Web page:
I’ve just got back from an amazing weekend supporting friends and clients at Ironman Vichy. For anyone thinking for doing it next year, here are some of my thoughts on the event.

It can be a bit difficult to get to so a lot of people from the UK tend to drive. This can add a bit of time to the trip but is one option to explore. We flew to Lyon and hired a car for the 2 hour drive to Vichy.

It takes place at the end of August so you have all season to get fit!  This also means it’s in the school holidays (advantages/disadvantages of this depending on your circumstances).

It’s incredibly pretty, and great to be next to Lake Vichy.

For all the above reasons it can make a great destination for an extended holiday before or after the race and we spoke to lots of people who did exactly this.

It didn’t sell out quickly and they still had entries to the Ironman two weeks before the race.

There’s a 70.3 race on the Saturday so it could make for a good group trip for people racing different distances.

Overall it’s a fairly fast race and not too hilly.

The athlete bag was cool!

It’s usually HOT! And is regularly a non-wetsuit swim. However, in 2018 it was actually very mild, and was only 8 degrees on race day morning. So athletes should pack some warm clothes for the start and finish, and supporters this year were very chilly!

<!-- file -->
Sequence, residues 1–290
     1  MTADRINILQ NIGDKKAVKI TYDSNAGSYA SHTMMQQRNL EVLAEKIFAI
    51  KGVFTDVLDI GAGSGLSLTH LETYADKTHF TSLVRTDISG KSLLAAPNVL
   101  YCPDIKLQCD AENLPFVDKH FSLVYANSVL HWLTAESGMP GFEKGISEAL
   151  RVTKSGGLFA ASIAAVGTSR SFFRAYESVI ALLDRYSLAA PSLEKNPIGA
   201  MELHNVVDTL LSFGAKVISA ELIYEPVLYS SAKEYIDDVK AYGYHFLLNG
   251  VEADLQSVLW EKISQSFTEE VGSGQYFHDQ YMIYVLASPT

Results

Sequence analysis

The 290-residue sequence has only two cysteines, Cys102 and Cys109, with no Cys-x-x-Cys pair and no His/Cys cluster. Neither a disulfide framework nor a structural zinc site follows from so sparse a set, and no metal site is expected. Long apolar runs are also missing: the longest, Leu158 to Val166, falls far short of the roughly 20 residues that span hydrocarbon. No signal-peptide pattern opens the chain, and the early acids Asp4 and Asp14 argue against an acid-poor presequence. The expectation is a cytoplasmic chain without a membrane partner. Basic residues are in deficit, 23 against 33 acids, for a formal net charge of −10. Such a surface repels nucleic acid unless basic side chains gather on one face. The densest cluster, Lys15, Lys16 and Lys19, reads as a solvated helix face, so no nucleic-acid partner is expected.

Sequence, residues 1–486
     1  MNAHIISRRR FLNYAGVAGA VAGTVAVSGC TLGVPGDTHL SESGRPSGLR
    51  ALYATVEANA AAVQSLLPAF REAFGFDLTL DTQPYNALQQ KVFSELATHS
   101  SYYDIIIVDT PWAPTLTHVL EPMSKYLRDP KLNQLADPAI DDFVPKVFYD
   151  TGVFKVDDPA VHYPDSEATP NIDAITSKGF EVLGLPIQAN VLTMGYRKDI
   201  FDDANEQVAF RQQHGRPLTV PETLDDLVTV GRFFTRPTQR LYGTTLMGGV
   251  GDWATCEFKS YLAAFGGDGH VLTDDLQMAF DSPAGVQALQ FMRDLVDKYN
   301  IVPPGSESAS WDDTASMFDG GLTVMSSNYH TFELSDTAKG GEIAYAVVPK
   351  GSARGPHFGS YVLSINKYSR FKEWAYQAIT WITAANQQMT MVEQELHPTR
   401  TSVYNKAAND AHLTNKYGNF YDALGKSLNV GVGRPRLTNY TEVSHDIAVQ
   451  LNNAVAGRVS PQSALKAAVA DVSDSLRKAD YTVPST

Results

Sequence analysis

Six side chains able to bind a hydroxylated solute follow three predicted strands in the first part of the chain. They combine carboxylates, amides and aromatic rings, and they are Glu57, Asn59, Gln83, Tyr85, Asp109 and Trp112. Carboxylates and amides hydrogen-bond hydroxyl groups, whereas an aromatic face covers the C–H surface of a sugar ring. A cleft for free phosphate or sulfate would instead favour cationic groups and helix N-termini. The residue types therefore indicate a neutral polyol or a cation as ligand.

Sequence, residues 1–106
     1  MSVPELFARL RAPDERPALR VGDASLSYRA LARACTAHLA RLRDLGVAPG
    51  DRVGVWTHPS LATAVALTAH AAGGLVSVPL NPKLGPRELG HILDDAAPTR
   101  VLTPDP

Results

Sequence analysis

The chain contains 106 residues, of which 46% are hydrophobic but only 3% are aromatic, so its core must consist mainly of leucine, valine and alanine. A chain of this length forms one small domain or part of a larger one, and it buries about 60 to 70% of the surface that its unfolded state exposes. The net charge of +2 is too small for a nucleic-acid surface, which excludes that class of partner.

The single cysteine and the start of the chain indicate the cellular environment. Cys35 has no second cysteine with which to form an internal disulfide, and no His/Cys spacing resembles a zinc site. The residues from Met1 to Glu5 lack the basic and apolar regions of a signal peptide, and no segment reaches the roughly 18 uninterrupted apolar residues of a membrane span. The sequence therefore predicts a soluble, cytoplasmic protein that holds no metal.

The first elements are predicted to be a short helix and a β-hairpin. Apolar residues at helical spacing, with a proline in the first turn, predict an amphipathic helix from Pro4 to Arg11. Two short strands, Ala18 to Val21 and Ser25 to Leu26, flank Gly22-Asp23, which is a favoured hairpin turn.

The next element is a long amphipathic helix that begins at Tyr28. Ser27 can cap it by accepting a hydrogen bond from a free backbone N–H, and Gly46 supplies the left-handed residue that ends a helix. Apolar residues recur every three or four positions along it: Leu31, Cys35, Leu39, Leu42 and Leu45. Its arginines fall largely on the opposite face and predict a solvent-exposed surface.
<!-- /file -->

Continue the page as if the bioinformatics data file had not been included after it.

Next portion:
The cut off is ONLY 16 hours.

The swim is 2 laps with an Australian exit where athletes get out and run over a mat and jump back in. For athletes who don’t like the swim it has the advantage of giving a little break, but for strong swimmers it can disrupt your rhythm and slow you down. It’s great for spectators as it gives the opportunity to see your athlete half way round the swim.

The swim is a rolling start with athletes getting set off every 10 seconds in groups of 6. This means the swim start is relatively congestion free with plenty of space to swim.

The swim start and Australian exit is off a pontoon. So practice jumping or diving in before race day.

The run takes place with 4 laps around Lake Vichy that is lined with cafes and bars. There is also a free ferry across the lake making it easy for supporters to see athletes at lots of different places.

The run takes you through the finish line giving athletes a boost on every single lap.

The briefing, expo, start, finish and transition is all in one place making it easy and giving everything some good atmosphere.

It helps if you can speak a bit of French so take a phrase book or get familiar with google translate.

There was the usual awesome party on the finish line.

Overall I really enjoyed being at the race and will definitely add it to my list of events to race at as an athlete. If you’ve done Vichy, get in touch to share your thoughts and experiences or let me know what race you’re planning for next year and why.